Maximizing value on multifamily’s lower floors

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By Susan Tjarksen | Forbes

Would you rent an apartment on the first floor of an apartment building? The multifamily industry says no. And some cities don’t allow it. Historically, the first floor of multifamily developments has been allocated for retailers and a lobby. As developers know, the higher the unit, the higher the rent. From the top down, a typical floor plate for a new multifamily development allocates a roof deck, penthouse units on the top floors, apartment units, a lower-level amenity deck, the next floors for parking and the first floor for retail and a lobby. Views command a premium, and as the floor number gets lower, so does the rent.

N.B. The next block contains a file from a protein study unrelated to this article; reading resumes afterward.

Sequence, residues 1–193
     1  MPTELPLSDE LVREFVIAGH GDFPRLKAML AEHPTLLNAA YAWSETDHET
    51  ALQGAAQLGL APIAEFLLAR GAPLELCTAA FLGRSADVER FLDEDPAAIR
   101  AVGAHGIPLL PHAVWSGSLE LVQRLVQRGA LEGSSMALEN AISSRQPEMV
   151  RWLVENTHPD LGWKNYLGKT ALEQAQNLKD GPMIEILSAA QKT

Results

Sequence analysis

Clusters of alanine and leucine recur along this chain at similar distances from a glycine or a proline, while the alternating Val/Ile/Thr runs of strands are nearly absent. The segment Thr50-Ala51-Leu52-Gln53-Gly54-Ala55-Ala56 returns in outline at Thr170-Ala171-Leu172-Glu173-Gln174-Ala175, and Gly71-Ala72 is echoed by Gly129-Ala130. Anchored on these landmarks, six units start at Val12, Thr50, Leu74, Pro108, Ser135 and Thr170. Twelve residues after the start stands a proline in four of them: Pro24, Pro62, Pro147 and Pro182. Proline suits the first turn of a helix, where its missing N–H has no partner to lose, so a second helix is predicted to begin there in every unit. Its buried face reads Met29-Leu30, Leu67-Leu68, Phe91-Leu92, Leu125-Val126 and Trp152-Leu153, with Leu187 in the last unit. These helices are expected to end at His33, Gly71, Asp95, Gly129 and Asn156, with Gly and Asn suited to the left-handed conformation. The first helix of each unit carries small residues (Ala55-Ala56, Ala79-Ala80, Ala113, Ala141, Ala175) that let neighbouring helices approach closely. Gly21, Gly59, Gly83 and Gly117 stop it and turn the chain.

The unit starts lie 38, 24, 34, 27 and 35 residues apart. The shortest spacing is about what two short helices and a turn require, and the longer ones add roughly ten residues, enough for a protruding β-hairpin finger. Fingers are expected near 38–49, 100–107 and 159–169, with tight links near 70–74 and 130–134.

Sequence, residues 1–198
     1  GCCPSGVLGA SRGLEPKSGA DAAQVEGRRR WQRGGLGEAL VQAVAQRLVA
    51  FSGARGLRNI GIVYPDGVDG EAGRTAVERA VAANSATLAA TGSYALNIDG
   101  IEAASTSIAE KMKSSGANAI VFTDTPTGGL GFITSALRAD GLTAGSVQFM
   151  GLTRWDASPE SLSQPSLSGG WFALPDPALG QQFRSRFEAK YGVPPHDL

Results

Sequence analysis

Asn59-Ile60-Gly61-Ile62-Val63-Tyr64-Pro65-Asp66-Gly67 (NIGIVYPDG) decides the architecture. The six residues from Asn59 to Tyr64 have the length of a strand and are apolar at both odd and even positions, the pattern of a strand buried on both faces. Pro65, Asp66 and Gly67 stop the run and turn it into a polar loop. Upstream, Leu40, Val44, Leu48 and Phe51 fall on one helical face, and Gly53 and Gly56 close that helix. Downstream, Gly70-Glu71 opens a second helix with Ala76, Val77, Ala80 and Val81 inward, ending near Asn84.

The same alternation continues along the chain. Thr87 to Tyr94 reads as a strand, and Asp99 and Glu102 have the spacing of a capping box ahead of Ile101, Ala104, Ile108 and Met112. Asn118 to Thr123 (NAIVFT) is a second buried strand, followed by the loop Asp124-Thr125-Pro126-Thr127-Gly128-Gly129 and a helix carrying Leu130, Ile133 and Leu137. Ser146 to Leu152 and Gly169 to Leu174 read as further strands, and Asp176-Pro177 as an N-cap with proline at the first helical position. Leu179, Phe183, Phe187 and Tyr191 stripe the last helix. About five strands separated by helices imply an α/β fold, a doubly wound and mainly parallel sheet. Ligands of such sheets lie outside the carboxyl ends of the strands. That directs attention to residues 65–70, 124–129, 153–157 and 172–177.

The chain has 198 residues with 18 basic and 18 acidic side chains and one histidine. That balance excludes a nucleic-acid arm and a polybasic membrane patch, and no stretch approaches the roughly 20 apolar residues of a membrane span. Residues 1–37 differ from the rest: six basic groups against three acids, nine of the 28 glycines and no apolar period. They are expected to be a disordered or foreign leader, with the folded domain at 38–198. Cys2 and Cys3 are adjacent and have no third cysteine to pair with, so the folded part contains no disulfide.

And what about the first floor? Space historically filled with traditional retail and large parking garages faces a dilemma: online shopping has changed the demand for physical storefronts, and ride-share has reduced the need for high parking ratios. This is the “podium problem”: The lowest floors of a building aren’t bringing in the revenue they used to.

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